On April 26th, University of Kentucky Wildcats Head Basketball Coach John Calipari spoke at Samford University for a fundraiser, he took the chance to speak his mind on the one-and-done rule and NCAA President Mark Emmert. Calipari had this to say about the subject:
The NCAA president said let them go right out of high school? What? How many ninth graders will think, ‘I’m going right to the NBA?’ Five hundred? One thousand? Now those kids will be really focused on academics. How could you make that statement?
Coach Cal clearly wanted to use this opportunity as a platform to get his views and beliefs on the current NCAA basketball rules and Mark Emmert. Coach Cal does have a major point, though. If the rule is set that high school players can leave for the NBA draft directly after their senior year of high school, then how much attention are those players really going to give to their school work? Not many kids are going to bother caring about their grades, when millions of dollars is just months away.
Calipari also mentioned that the NCAA could pay the injury insurance for 30 eligible players each year rather than have them take out $15,000 individual loans. And he said the NBA could pay more to rookies who graduate from college.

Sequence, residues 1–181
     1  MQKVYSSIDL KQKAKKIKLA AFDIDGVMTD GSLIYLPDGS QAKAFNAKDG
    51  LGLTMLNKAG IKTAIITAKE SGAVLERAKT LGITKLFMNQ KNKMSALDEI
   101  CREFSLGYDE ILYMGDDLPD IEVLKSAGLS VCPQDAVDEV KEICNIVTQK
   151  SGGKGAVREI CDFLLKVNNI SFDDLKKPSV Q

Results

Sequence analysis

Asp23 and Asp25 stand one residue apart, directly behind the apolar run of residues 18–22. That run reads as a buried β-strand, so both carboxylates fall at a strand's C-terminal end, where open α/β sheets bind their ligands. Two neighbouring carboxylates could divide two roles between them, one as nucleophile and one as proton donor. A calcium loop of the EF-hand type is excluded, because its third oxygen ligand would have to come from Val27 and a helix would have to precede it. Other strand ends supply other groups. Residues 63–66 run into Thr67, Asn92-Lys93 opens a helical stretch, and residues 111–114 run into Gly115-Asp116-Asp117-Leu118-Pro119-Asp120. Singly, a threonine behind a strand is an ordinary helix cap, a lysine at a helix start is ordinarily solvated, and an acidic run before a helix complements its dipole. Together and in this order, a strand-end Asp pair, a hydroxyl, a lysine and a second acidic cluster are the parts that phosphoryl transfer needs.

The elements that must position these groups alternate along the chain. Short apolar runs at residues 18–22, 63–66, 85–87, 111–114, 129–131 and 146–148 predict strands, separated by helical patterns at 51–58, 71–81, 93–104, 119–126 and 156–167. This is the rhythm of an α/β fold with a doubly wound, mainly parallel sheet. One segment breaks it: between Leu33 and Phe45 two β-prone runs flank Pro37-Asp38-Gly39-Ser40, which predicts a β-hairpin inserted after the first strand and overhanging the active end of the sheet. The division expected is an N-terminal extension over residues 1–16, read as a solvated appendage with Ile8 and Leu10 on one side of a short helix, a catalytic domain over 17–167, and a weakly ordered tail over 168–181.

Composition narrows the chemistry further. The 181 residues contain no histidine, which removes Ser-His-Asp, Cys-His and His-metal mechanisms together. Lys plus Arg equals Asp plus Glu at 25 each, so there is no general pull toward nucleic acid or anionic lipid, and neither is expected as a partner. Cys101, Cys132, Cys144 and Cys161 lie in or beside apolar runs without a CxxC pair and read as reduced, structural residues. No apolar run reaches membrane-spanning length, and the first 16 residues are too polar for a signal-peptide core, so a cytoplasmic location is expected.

How about we encourage them to stay longer because it’s the right thing and it’s the smart thing? There’s things we have to do to make it better for those young people.
It is becoming more and more evident that Coach Cal wouldn’t like for the rule to make players allowed to skip any college at all, but many believe that he is also against the current system as well. It is true that Calipari has had success with this system in the past, but he also would like the rule to change to make the college players stay at least two years and then leave for the NBA if they wanted. Coach Cal has made his statement and other coaches have as well, but what it really comes down to is both the NCAA President MArk Emmert and the NBA collaborating to change the rule for the better of the young players on their way into the NBA.